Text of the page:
What is Positive Psychology?
My MSc is Applied Positive Psychology – I completed one of the first Positive Psychology programmes that ran in the UK. This approach was a reaction to psychology’s tendency to pathologise conditions which meant that ‘therapy’ was designed to get people from a minus situation to a neutral position (i.e. correcting weaknesses through therapy and medication). Professor Martin Seligman, the originator of this new psychology, proposed that therapy should be getting people from a neutral position to a plus position. Positive Psychologists, therefore, explore ‘character strengths’, ‘meaning & intrinsic motivation’, effective family and community flourishing.
What holds us back is a kind of learnt helplessness. Seligman’s extensive research and subsequently that of many other psychologists, has been developing approaches to happiness, creativity, well-being, hope and resilience, wonderful lives and many other possible options to guide us towards ‘the good life’. Many of these terms are new to psychology and have now become common language within the media as well.
Working together, although you will appreciate that there is no ‘treatment’ of a condition it is possible to define your strengths and manage weaknesses effectively.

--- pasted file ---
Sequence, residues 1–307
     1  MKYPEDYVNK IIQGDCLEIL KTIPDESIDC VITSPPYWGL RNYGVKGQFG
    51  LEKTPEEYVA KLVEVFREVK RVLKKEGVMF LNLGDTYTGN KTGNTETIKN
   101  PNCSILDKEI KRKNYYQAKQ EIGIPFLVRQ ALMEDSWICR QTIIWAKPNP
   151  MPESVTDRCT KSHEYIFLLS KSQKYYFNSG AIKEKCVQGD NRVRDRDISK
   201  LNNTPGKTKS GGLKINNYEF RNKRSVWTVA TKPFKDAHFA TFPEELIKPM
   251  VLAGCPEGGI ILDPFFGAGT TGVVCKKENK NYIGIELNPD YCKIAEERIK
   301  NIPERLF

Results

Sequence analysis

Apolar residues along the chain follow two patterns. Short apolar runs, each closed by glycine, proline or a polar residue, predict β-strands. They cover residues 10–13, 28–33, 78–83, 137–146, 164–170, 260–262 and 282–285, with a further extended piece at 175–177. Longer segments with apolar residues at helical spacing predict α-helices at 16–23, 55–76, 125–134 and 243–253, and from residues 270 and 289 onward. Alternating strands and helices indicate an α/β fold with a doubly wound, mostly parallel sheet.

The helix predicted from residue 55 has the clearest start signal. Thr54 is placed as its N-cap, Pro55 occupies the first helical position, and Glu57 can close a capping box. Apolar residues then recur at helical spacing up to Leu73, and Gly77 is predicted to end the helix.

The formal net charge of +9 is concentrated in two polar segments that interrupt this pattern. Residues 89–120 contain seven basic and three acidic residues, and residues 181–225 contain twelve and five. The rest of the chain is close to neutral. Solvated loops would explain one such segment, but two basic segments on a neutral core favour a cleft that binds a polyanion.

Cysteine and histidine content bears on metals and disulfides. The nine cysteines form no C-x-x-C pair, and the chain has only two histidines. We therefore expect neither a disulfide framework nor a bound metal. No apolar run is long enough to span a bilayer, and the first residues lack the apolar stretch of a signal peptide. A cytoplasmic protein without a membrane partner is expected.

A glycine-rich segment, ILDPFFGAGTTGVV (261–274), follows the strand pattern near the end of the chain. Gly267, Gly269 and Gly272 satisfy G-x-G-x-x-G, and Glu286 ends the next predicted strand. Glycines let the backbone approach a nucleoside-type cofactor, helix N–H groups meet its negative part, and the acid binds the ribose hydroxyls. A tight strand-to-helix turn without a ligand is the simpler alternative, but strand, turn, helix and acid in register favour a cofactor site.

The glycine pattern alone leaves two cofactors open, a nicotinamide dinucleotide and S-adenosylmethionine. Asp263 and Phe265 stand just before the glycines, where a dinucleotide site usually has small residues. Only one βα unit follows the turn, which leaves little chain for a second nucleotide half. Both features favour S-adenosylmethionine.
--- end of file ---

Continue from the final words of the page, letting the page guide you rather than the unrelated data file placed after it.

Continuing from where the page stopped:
What kind of issues will you be bringing?
There really isn’t an exclusive list of issues you can bring to these sessions. Generally hidden issues do surface but some of the things that are likely to emerge in these sessions may include:
|* Anxiety||* Family Issues||* Workplace Issues|
|* Panic||* Parenthood||* Workplace Relationship Interaction|
|* Stress||* Relationships||* Life Goals|
|* Depression||* Self Development||* Smoking Cessation|
The list is really quite endless and even though your issues might well fall into one of the above categories, you are unique and will have developed your own views on things governed by your own individual experiences.